Free guide to car­ing for an el­derly par­ent


Bray People - - OBITUARIES - Mary FOG­A­RTY

A BRAY OR­GAN­I­SA­TION ‘Home In­stead Se­nior Care’ has re­leased a free hand­book on how to cope with bring­ing an older par­ent into the fam­ily home, as health ser­vices are cut and fi­nances squeezed ever tighter.

‘Even Pres­i­dent Mary McAleese has ex­pe­ri­ence of this,’ said Sea­mus Mur­phy, Di­rec­tor of Home In­stead. ‘Her late fa­ther-in-law lived for many years with her fam­ily and moved with them into Aras an Uachtarain.’

Sev­eral gen­er­a­tions liv­ing to­gether un­der one roof, how­ever, raises both prac­ti­cal and emo­tional is­sues. If the se­nior ci­ti­zen re­quires spe­cific care, the change can be even more chal­leng­ing.

‘Re­gard­less of the rea­son, de­cid­ing to move in to­gether is a big de­ci­sion,’ said Sea­mus. The new hand­book,

is full of prac­ti­cal tips and ad­vice from ex­perts to help deal with some of the emo­tional, en­vi­ron­men­tal and fi­nan­cial is­sues in­volved in cre­at­ing a multi­gen­er­a­tional house­hold.

‘Mov­ing into a new house­hold isn’t easy and ad­just­ments are re­quired from every­one in­volved,’ said Sea­mus. ‘ That in­cludes the se­nior par­ent, the adult child, plus any other sib­lings, and the grand­chil­dren. The new ar­range­ment will im­pact dra­mat­i­cally on every­one in the house. If the se­nior re­quires spe­cial care or as­sis­tance, this will also have a fur­ther ef­fect on their lives.’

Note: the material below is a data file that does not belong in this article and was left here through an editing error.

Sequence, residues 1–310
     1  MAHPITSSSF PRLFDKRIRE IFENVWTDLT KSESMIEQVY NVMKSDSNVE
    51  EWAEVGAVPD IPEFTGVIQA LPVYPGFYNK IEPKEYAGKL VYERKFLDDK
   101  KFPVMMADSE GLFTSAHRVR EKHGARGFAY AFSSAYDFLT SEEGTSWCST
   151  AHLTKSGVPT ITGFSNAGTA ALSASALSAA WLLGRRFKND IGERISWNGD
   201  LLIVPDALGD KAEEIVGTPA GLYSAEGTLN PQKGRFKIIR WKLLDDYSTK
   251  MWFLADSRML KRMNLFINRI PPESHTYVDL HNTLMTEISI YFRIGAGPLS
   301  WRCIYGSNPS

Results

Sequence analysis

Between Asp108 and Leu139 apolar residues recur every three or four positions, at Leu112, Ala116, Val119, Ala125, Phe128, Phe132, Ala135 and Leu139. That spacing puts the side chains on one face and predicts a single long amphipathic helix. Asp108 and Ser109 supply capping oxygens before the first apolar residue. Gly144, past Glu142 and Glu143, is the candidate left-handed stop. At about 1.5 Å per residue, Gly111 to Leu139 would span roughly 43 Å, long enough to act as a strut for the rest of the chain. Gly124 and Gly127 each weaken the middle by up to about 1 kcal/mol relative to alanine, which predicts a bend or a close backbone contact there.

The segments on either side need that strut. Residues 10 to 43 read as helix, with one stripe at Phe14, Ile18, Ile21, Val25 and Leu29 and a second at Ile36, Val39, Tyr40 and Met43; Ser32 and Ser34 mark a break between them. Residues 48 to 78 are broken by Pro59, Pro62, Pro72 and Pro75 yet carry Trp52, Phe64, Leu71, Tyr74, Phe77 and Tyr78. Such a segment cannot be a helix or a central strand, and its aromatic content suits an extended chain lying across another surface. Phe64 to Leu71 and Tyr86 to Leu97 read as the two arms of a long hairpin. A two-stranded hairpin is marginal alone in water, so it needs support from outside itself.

He said that prepa­ra­tion and com­mu­ni­ca­tion are the key.

Home In­stead rec­om­mends se­niors should ask their adult chil­dren the fol­low­ing ques­tions be­fore mov­ing in to­gether:

Will I have my own room or space?

What house­hold re­spon­si­bil­i­ties will be ex­pected of me?

Will I be asked to mind the grand­chil­dren and how of­ten?

How much will I be ex­pected to con­trib­ute to pay for house­hold ex­penses?

What will hap­pen to my home and any fi­nances or sav­ings?

Will changes be made to your home to make it safe for me (bath grab rails, etc)? Can I bring my pet with me? Will I have a say in fam­ily so­cial de­ci­sions such as hol­i­days and week­end ac­tiv­i­ties? Can I en­ter­tain friends? What hap­pens if I need ex­tra care?

Once all the adults have dis­cussed any­thing else that might be of con­cern, the next step is to in­volve any grand­chil­dren. ‘The most im­por­tant thing is to set ex­pec­ta­tions right from the start. Ev­ery fam­ily mem­ber must un­der­stand what is ex­pected and how they fit in to the big pic­ture. They must all be al­lowed to share their ideas about how the sit­u­a­tion might work,’ said Sea­mus.

A se­nior loved one who is ill or in­firm raises an ex­tra set of is­sues. Sud­denly the adult child, usu­ally a daugh­ter, who is fre­quently al­ready jug­gling the de­mands of her own chil­dren, house­hold and a job, now has to fac­tor in pro­vid­ing care for an el­derly rel­a­tive too. As the per­son ages the phys­i­cal de­mands be­come greater, par­tic­u­larly if de­men­tia be­comes an is­sue.

The sense of ac­com­plish­ment and stay­ing con­nected and close to an older loved one, how­ever, are the ben­e­fits of tak­ing in a se­nior par­ent or rel­a­tive. For a free copy of

con­tact Home In­stead Se­nior Care on (01) 2768122 or go to www.home­in­

Pres­i­dent McAleese cared for her fa­ther-in-law in Aras an Uachtarain.

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